SQRL certainly is not without flaws, but it's certainly superior to most primary authentication solutions widely used on the web today in terms of security and (and this is important) usability. Allow me to explain.
First, let me clear up a few of the misconceptions present in some of the other answers on this question. Many of these answers are outdated, and were written before changes to the SQRL documentation which address the problems presented in them, while others seem to place undue emphasis on flaws in SQRL which are also present in many other widely-used existing authentication solutions, while ignoring its benefits. So let's clear up a few misconceptions here, shall we?
Myth: SQRL requires scanning QR codes to work
This simply isn't true. QR codes are a convenience which makes SQRL easier to use on computers that the user hasn't set up SQRL client software on. SQRL's website states the following:
Three Ways to Go . . . smartphone optional:
Although the original inspiration for the development of this system was a smartphone scanning a QR code on a website's login page, a small addition to that model enables two more significant modes of operation: Simply make the QR code image also a clickable link to the same URL that's encoded into the QR code. This yields three ways to login:
- Scan the code with a smartphone: Using the model described above, a user's smartphone scans the QR code appearing on a website's login page and the user is logged into that site.
- TAP THE CODE on a smartphone: To login to a website ON the smartphone, when the visual SQRL code is also a URL-style link (using sqrl:// as the scheme) the SQRL app installed in the smartphone will receive that link and securely log the user into the site on the phone.
- Click the code on a desktop or laptop screen: To use the SQRL system on any desktop or laptop system, a desktop SQRL application would be installed and would register itself to receive sqrl:// links. (This is similar to the way an email program registers to receive mailto: links.) This allows the same solution to be used by users on their desktop that they are using on their smartphones. When any website offers an SQRL code the user just clicks on the code with their mouse cursor and the locally installed SQRL app will pop-up, prompt for their SQRL password, confirm the domain, and then log them in.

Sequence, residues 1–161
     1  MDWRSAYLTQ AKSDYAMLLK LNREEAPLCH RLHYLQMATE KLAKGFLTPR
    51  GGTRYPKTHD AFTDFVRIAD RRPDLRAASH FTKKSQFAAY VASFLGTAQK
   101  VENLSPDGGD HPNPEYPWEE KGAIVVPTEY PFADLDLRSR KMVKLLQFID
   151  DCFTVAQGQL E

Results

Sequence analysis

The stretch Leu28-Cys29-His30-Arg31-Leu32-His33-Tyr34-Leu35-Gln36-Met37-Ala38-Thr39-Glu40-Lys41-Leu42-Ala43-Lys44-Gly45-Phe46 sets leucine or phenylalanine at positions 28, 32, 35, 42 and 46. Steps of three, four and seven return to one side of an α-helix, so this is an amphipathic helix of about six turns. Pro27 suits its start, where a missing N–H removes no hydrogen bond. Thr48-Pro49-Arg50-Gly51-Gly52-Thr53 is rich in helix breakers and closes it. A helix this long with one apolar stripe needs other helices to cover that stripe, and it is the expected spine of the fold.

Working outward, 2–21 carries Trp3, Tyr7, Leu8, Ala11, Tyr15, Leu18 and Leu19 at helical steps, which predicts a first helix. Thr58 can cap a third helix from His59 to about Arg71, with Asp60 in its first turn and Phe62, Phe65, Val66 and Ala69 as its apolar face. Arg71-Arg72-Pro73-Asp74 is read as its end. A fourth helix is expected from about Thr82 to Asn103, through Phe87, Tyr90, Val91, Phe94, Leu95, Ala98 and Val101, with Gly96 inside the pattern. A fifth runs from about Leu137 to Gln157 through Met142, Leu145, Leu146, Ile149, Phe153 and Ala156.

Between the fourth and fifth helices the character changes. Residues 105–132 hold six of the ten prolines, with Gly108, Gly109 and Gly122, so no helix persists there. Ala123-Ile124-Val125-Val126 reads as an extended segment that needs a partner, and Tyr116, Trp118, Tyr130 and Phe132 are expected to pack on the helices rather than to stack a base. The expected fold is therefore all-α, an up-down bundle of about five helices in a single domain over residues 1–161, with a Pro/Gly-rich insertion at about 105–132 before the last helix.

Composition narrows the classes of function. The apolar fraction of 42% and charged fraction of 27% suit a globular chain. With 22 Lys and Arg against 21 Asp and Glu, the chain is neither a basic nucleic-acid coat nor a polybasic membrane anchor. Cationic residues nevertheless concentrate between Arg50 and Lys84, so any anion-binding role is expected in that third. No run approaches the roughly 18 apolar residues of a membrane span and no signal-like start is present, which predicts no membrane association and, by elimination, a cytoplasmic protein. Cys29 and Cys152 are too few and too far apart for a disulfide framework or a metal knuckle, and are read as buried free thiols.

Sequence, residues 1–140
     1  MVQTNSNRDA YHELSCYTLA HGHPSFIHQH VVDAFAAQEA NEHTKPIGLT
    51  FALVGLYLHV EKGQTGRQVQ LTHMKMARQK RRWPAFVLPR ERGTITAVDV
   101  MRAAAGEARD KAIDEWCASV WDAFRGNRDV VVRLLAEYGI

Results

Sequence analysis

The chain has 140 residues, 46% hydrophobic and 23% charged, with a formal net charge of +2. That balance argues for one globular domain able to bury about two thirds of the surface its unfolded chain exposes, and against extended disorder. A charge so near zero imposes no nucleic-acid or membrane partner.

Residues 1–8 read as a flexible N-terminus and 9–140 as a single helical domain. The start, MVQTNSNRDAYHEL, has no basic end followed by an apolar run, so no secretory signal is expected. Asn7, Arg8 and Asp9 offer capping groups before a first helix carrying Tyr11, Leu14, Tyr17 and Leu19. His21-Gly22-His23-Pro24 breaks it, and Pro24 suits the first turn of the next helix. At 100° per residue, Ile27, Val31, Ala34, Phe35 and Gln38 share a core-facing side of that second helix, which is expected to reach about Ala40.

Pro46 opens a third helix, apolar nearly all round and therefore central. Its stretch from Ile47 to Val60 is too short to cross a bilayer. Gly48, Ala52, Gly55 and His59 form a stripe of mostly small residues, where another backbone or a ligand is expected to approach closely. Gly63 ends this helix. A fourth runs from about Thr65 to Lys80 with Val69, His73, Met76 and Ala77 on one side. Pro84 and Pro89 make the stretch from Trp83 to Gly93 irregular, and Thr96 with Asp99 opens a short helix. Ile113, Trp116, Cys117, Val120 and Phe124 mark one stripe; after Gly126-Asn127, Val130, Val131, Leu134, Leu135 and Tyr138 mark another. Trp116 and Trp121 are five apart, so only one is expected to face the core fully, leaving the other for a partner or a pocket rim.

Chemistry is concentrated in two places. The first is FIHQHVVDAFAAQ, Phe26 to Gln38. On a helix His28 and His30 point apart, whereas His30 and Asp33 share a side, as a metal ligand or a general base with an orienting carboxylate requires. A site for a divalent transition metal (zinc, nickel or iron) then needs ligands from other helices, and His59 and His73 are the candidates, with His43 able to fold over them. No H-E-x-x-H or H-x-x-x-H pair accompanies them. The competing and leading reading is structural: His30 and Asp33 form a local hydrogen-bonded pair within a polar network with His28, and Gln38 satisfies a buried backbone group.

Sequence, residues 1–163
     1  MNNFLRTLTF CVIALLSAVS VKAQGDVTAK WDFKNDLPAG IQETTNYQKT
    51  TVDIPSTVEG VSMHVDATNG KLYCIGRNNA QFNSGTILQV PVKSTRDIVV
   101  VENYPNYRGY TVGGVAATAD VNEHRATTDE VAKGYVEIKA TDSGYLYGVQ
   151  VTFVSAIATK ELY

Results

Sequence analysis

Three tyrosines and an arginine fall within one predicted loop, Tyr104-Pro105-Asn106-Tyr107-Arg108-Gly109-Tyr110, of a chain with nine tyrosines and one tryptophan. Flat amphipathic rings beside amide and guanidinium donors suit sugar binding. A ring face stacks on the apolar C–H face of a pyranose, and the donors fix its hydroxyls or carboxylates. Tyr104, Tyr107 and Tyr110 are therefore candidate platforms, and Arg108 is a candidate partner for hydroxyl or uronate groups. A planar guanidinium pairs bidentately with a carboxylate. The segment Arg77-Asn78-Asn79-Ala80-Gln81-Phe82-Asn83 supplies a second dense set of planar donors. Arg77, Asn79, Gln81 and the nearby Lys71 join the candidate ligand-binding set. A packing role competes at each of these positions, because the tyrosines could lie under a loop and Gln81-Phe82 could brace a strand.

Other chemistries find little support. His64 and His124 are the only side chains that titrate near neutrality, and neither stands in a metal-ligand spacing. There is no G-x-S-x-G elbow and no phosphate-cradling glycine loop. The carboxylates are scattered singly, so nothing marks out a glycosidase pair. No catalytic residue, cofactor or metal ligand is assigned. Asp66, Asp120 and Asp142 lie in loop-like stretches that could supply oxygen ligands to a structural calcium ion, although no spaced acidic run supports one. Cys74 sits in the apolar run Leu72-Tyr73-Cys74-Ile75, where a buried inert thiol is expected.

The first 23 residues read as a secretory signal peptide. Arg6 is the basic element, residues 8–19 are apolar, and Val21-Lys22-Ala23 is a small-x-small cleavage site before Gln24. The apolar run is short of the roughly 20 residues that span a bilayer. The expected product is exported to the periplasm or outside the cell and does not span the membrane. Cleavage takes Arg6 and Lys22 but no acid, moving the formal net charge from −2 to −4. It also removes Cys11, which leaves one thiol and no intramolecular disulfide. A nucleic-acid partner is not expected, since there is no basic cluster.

Myth: The SQRL master key is stored completely unencrypted and unprotected on your phone
I'm not sure why some people made this assumption, as it seems obvious to me that this would not be the case. The SQRL master key is protected about the same way you'd protect a password database: with a strong master password. Stealing a user's phone would not automatically give you access to their online identity unless you also had their master password. More details on key management are explained in the page on SQRL Client-Side Key Management on SQRL's website.
Myth: If your master key is stolen, you can't change your login credentials
This is also false. SQRL provides a built-in way to allow the genuine account holder to update their login credentials in the case of a compromised key. This feature is known as Identity Lock:
“Identity Lock” prevents identity change & allows recovery: This is also significant enough to deserve its own detailed description page: “The identity lock protocol” (page 4 in the link block at the bottom of this page.) Once a user's identity has been established with a web server, the SQRL client is unable to change that identity. This means that if the worst happened, and a very weak and easily guessed password was used, or a user's phone or desktop was hacked to obtain their identity master key and password, no malicious third party can change the user's online identity to lock them out of their own online accounts. And, moreover, by then loading an a normally offline “Identity Unlock Key”, the true owner of their identity can retire and replace their lost or stolen online identity to essentially take it back from any attacker, rendering their previous identity useless.
Plausible: SQRL is more vulnerable to phishing than existing authentication solutions
Okay, so this is actually partially true. When using SQRL by scanning a QR code, there is indeed very little protection against phishing. Unless the user is careful to ensure that the website shown in their browser's URL bar is the same as the one displayed by the SQRL Client app, they could be authorizing a login session for the attacker. This is still better than passwords, where they'd be giving the phisher permanent access to their account (and any other accounts they have elsewhere which share the same password) until they change their password, but not as good as other solutions which integrate with the user's browser like U2F keys, WebAuthn, client certificates, and (under certain conditions) password managers.